About Pastels


Pastels were first used in the 15th century.  They were often used as a study medium by artists in the 16th century. Leonardo da Vinci learned the technique from Jean Perreal around 1499.  Many famous artists throughout history used pastels, especially for portraits including John Russell, John Singleton Copley, Eugene Delacrois, Jean-Francois Millet, and Edouard Manet.  Probably most notable was Edgar Degas who was an innovator in pastel technique and used it in an expressionist technique after 1885.  Mary Cassatt, an American artist working in Europe, introduced the medium to the United States.


Pastels are a dry medium and come in several forms and are pure powered pigments that have been combined with a binder.  The characteristics depend on the binder used. They come is varying degrees of hardness.  But they are similar to working with chalk.  The surface used to draw or paint on has “tooth” or a rough surface to hold the pigments.  Because it is a dry medium, colors are not mixed ahead of their use.  Color variations come from laying one color over another and blending. Working with this medium is challenging since it is blended directly on the work surface and is not tested ahead of time.  Mistakes cannot be covered over.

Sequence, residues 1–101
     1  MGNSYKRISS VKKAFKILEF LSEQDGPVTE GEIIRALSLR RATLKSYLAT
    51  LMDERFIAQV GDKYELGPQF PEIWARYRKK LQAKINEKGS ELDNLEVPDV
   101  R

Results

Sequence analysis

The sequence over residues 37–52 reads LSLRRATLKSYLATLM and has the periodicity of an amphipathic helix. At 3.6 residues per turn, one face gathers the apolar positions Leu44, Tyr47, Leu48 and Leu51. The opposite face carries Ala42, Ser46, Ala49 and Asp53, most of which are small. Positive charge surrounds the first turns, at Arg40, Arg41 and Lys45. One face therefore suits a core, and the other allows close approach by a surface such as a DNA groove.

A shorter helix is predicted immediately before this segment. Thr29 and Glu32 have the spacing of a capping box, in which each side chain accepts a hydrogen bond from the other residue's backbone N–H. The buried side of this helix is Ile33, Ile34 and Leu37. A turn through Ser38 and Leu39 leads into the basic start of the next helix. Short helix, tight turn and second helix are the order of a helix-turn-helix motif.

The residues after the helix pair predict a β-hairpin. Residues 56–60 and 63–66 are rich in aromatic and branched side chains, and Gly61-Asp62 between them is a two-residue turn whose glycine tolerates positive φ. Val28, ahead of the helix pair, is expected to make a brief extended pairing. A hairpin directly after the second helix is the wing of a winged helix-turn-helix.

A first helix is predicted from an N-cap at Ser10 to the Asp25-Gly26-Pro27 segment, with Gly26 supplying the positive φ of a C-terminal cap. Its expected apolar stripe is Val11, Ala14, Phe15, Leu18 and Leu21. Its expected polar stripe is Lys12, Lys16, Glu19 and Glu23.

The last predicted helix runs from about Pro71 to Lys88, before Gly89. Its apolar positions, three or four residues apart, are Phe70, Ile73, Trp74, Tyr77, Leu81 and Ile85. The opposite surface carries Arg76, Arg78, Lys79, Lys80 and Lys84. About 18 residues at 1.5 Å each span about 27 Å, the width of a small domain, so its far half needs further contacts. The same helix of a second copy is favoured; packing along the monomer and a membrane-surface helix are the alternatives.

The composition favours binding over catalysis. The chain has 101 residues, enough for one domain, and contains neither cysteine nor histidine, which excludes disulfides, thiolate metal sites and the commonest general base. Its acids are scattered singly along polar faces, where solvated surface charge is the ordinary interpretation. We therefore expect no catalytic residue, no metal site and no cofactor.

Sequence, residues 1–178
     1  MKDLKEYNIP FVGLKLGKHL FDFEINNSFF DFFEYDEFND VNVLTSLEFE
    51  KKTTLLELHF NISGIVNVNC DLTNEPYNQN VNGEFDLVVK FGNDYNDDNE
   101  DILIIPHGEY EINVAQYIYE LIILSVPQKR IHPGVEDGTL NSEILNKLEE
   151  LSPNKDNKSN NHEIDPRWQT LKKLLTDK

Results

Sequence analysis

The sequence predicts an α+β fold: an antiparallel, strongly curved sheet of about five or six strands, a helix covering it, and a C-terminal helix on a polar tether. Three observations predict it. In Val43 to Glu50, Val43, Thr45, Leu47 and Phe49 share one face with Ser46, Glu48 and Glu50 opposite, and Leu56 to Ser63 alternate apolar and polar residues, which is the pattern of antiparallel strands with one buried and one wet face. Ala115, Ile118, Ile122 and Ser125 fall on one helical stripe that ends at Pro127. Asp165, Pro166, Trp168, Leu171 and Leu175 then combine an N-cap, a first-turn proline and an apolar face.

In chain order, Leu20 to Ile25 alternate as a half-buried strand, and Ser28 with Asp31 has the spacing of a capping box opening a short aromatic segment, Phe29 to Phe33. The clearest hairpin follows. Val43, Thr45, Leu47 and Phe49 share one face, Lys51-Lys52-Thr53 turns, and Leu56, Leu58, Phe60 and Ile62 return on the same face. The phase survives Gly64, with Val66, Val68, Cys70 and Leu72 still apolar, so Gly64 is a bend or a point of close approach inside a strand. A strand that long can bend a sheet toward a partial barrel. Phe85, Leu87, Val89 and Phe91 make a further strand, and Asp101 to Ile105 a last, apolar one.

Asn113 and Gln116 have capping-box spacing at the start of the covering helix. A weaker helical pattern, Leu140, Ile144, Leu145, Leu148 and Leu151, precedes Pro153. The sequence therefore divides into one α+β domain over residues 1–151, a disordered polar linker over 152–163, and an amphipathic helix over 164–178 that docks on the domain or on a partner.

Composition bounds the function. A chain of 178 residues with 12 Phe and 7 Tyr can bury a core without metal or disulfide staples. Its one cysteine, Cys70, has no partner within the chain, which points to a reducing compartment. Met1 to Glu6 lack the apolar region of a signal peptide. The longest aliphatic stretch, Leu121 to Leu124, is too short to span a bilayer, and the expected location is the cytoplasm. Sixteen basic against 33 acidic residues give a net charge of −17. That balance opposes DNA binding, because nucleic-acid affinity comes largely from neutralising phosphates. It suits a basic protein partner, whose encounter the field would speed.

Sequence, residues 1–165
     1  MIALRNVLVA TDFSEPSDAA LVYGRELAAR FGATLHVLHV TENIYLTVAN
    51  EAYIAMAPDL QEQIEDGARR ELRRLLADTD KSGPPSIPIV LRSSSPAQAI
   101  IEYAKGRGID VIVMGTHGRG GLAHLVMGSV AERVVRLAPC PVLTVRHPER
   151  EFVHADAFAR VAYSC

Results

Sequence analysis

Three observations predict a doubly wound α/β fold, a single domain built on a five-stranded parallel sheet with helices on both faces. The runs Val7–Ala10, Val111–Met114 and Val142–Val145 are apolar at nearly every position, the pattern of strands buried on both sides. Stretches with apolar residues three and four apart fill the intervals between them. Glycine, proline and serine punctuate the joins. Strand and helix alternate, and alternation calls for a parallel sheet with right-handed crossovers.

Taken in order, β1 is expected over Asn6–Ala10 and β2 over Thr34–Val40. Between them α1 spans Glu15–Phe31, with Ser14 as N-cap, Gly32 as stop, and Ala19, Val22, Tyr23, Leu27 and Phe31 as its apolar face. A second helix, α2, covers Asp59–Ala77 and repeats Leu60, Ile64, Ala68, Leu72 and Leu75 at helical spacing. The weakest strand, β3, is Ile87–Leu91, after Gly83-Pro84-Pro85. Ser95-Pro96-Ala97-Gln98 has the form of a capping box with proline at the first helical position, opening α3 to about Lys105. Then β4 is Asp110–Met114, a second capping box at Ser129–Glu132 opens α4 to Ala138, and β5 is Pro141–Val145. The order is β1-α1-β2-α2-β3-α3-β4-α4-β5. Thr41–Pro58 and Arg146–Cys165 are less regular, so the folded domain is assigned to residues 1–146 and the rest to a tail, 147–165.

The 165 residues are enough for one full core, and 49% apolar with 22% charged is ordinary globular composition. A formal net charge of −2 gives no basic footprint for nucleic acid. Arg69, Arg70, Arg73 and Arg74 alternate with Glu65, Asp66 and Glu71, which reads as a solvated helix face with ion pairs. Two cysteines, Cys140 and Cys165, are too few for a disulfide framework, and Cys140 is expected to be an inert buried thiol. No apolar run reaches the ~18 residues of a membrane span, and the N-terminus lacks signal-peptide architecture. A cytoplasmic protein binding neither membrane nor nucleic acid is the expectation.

The various types of dry pastels include: 

SOFT PASTELS:  These are the most used type and come in sticks similar to chalk.  They have the highest portion of pigment, the greatest selection of shades and the richest colors.  They have a greater luminosity than other forms.  Colors blend easier, but can also be smudged.  They need to be protected being framed under glass.

PAN PASTELS:  These also have a minimum of binder, but are formed in pots similar to a makeup compact.  They are applied to a surface with a soft sponge.  

HARD PASTELS: These have much more binder that the previous two types.  They are useful in sketching or finer details. The colors are less brilliant.

PASTEL PENCILS: These are just like pencils, only the lead is made of pastel.  They are a harder pastel, but difficult to sharpen because they are not hard like lead.  They are used for the finest details.

OIL PASTELS: The are soft and dense with intense color.  They do not blend. 


Unlike a sketch or study, a pastel painting is created much like an oil painting with detail, layers of color and using several techniques and types of pastels. These paintings are generally very expressive and full of life.  Pastel paintings can capture nuances of light and shadow unlike some other mediums.